Freedom of Motion Alpha 4

by Taylor Hadden | 0:01

A Refinement Update

It’s been seven months since Alpha 3. A bit long, but we’ve been keeping busy.

The advent of the fully-featured Personal Edition of Unity 5 let us integrate the Mecanim inverse kinematic solution. The motion and behavior of this system was dramatically different from our previous home-brewed solution, and that meant that we had to edit nearly every part of the climbing code, sometimes significantly. We also spent a lot of time looking for and ironing out jerky transitions between motions. The result is a feature set that isn’t all that different from the last alpha, but we hope those behind-the-scenes changes make the gameplay as a whole more enjoyable.

We did add a few new features though: falling damage, death, and checkpoints. Simply put, landing from too high a height will kill you, though you can hold crouch to roll when you land and cushion your fall considerably. This makes high places feel particularly precipitous and lends a new dimension to levels. We also made movement over half meter blocks and stairs much smoother, and you no longer stutter-fall down them.

Included in this release are three levels: Pillars, The Pit, and Tower. Their alphabetical order is also their order of difficulty (and Tower is very difficult). They all assume that you’re familiar with the controls, so check the readme included in the download.

An incomplete changelist, in no particular order:

  • Added a couple new textures
  • Added the ability to generate levels with a different starting texture
  • Entity and player data can be arbitrarily stored in a level (supporting custom player information per level)
  • The player now saves the last spawn point it touched and will spawn there upon death
  • Integrated the Unity 5 IK system
  • Sprinting has different maximum values depending on which direction you are going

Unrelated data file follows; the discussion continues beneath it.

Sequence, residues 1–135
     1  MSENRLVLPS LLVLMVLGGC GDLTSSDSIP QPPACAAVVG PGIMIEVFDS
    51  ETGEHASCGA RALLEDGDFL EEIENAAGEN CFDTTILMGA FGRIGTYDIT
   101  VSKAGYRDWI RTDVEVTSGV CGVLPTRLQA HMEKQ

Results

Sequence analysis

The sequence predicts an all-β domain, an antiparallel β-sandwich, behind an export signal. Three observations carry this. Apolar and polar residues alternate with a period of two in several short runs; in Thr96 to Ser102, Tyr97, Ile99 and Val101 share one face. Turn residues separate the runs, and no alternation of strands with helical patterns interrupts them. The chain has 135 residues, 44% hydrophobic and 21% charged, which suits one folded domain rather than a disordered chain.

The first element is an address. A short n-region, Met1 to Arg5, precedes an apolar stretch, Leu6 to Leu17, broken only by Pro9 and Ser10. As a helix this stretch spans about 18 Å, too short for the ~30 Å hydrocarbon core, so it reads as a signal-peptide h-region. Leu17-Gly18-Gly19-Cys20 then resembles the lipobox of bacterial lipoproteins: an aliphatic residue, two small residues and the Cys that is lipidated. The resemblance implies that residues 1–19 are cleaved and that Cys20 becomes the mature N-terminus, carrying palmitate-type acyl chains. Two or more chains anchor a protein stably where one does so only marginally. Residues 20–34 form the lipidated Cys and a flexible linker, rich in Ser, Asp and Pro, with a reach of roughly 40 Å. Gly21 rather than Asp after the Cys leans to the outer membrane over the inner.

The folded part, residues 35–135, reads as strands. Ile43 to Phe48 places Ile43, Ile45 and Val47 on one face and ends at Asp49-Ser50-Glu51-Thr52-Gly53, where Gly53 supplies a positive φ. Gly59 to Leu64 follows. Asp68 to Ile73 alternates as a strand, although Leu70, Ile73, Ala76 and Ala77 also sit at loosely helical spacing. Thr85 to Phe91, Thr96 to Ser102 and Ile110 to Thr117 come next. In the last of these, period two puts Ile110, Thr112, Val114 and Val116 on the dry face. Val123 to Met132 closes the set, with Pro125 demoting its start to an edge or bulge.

• Ledges now track obtuse corners
  • Ledge information is used to facilitate going up and down half-meter blocks and stairs
  • Moving into a ledge hang or cling now uses spring dynamics to preserve momentum and provide a smoother transition
  • Made it so hands must be a minimum distance from one another
  • Hands moving on a ledge accelerate out of a standstill
  • Feet transition between ledge positions more smoothly
  • Fixed several cases where you could mount a ledge at inappropriate times (such as through walls or behind you)
  • Fixed an issue where when moving laterally between ledges you sometimes moved too far
  • Added back the ability to edit blocks on the octree grid by holding Alt
  • Added the ability to climb up and vault into gaps that are at least 1m high (previously only allowed for 2m gaps)
  • Added falling damage
  • Added damage from going too fast (allows for death by bottomless pits)
  • Pulling up onto a ledge first separates your hands to an appropriate distance. Which hand is chosen by which direction you are trying to move.
  • Holding the high profile button (sprint) speeds up all ledge movements
  • Added a threshold where if you are going too fast when you grab a ledge, you take damage. If you are damaged past a certain threshold, you cannot hold onto ledges and will fall.
  • Made it so that you can vault up 1 meter ledges without holding high profile
  • Some motions require that the player has settled somewhat into a static ledge hang before they can activate
  • Fixed a bug where settings weren’t being reverted and applied correctly in the Options menu
  • Restricted the player’s head while hanging from a ledge so that you can’t clip the camera into the wall
  • Fixed an issue where if you transitioned from a slide to a crouch in a 1m high tunnel the camera would clip into the ceiling
  • Fixed an issue where going around a ledge was blocked if the ledge was .5m wide and next to a wall
  • Added a soft-targeting system to ledge jumps where the jump will try to sent you in the appropriate trajectory to land on the ledge you are looking at.